As I have mentioned before, I have a deep adoration for oddball cards and food issues. It would seem that a very specific aspect of that particular kind of card has been fodder for some recent debate. I'd be lying if I didn't often look at other posts and say "me too!" and I am going to do that here, but add a twist at the end.
Here is a page of random unsorted retired players that I have in a binder but have not fully organized nor integrated into the rest of my collection:
I am going to do something that haven't done on this blog (I don't think) and just focus in on three of the cards on that page:
What you see are three old school food issues cut off the sides and/or backs of boxes, all to varying success. I am pretty sure whoever snipped off that 1976 Hostess Bake McBride sneezed somewhere near the bottom. How else do you explain the sudden and inexplicable chunk taken out of the lower right corner? That 1962 Post Felipe Alou has been well loved all around. It was cut with B+ precision, but then obviously put into the kids' back pocket. Those are some impressive creases, even by my low standards. That 1961 Jim Coates is cut rather well, but it is the back thatI find much more interesting...
...I believe that is a baseball rubdown from one of the 1960's oddball sets floating around (someone with a better knowledge of the 60's could help me out on that one), a rather ingenious use of them, by the way, to fill in the empty brown cardboard void. That is why that random Yankees common has remained in my collection all these years.
But those three cards are before my time. How did I do as a kid when the scissors were allowed out of the drawer (there was a nasty incident in my extreme youth where I played "haircut" with my little sister, thus eternally banning me from using scissors without permission. Even as an adult I find myself asking permission to use the scissors, rather than asking where they are. But I digress...) The following cards have been in my collection for decades and each and every one of them were cut off of their cardboard panels by yours truly:
Not too bad, if I do say so myself. The top two 1987 Fleer cards are box bottom cards. The Grote is a 1976 Hostess card that I cut off of a panel I bought at a show in the late 80's. That one is the only one with some suspect trimming. It would seem that I had the same issue with a lower corner as the aforementioned Bake McBride card, though quite not to the same extreme. Perhaps there is something about those cards that just begs for poor trimming. The 1986 Topps Gooden is also a box bottom card - very sharp. The other four drakes cards are slightly smaller by nature, not by butcher. I included that Gooden Glossy All Star card as a visual guide of a standard issue size card (I am also amused that the two pictures on the 1986 Drakes and that card are practically identical). So, perhaps it is cheap 1970's cardboard that makes for bad card cutting, not over-caffeinated or under-intelligent children. Oh, and it seems I have doubles of that 1986 Drakes Gooden in the middle, so if you want/need/desire that card, drop me an email.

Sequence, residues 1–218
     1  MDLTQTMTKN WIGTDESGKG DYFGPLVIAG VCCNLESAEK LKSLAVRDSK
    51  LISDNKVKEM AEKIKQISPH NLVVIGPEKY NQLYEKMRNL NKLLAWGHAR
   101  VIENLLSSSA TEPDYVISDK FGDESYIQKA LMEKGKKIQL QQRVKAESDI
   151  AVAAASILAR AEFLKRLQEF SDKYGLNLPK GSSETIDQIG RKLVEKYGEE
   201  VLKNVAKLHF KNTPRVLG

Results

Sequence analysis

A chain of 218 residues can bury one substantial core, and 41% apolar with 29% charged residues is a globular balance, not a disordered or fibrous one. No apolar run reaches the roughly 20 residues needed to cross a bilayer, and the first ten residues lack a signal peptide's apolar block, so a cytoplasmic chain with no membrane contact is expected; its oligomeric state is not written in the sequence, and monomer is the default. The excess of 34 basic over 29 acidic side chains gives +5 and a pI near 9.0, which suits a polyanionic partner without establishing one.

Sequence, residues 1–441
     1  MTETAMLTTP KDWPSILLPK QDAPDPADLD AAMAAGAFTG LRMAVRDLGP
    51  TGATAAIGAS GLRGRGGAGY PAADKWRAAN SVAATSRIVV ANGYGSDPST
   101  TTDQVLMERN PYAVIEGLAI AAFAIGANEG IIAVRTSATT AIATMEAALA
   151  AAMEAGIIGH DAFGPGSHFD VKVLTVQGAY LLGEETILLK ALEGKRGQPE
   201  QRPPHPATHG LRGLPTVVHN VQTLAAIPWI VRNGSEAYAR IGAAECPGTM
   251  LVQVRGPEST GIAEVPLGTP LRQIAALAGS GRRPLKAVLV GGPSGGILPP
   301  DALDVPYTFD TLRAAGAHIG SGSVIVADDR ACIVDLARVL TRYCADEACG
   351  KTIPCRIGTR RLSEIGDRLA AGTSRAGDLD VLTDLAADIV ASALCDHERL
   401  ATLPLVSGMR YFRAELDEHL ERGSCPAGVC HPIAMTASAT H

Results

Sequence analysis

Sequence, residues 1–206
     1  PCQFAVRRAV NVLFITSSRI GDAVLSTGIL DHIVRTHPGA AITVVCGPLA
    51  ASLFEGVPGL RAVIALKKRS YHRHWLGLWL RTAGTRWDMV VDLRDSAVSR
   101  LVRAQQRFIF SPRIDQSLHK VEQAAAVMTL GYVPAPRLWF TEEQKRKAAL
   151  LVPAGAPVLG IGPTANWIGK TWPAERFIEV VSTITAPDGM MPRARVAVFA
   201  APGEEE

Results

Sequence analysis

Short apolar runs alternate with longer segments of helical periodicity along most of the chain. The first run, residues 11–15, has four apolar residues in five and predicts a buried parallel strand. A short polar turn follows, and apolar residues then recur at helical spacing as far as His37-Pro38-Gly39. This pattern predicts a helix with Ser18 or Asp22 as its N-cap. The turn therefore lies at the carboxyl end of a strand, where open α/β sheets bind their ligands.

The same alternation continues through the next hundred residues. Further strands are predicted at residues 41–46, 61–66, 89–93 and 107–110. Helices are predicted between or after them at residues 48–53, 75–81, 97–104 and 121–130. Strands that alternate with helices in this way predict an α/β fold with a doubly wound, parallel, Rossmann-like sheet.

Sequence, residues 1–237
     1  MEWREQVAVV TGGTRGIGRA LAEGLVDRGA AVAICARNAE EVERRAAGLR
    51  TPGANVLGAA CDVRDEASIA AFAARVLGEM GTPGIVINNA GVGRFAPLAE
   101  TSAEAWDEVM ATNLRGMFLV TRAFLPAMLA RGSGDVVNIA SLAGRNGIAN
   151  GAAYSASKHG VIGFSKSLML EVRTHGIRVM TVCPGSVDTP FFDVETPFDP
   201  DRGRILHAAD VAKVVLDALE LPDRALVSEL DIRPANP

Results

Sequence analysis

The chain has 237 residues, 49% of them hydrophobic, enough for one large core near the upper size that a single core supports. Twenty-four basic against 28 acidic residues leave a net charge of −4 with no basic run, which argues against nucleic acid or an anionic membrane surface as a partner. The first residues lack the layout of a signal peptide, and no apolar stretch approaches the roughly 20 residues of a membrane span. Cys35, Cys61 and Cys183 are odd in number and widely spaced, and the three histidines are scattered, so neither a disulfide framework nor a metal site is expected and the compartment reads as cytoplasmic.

So where was this twist I promised? Well, I have done other things with scissors and baseball cards and boxes. First, I like to make binder labels out of them...
I have about a million of those "Topps of the Class" cards laying around, so it made sense to tag my Topps binders with them. Here I do the same thing for a football binder...
I also noticed that the graphics on the boxes were kinda neat, so maybe I could make labels out of them:
I am pretty sure that football label is the first one I consciously made to be a label for my binders. I also noticed that recent modern binders use a label that is the standard size of a baseball card. So making binder labels out of card boxes then grew into me finding the best 2 1/2 x 3 1/2 bits on a box and making my own unique cards out of them:
One of the obvious drawbacks of this little art project is they use a lot of Yankees on baseball card boxes. Luckily, I have Big Papi and Bruce Lee to balance out all that Jeter and A-Rod nastiness.
That middle card there is from a blaster of 2009 OPC, I believe, and it makes for a better ad than any of the advertisement cards Upper Deck put in their packs the last few years. These cards are also the only time I ever put cards in back-to-back, since the opposite side is either blank cardboard or very abstract bits of the reverse of the box. So what you are seeing here is only two pages:
That middle card is the closest I will ever get to having the Abraham Lincoln DNA card in my collection, but that is certainly good enough for me. I even got some of the A&G box seal onto that one. I like to see if I can get odd little bits into the card like that...like the hologram on the Drew Brees card, or the kung-fu dude flying out behind the Ken Griffey card. The bottom right card is not from a baseball card box, it is actually from a Whiffle Ball display.
Since I so rarely buy any new product, much less entire boxes of new product, I am afraid those last four or five spaces might never get filled in. I have a bunch of other homemade box cards scattered in my collection, so perhaps I will bring them all together just to have the pages complete. I thought with all this talk of cutting out cards off of boxes, I would go a little outside the lines and show you what someone with a pair of scissors and a lot of time (and boxes) on his hands could do.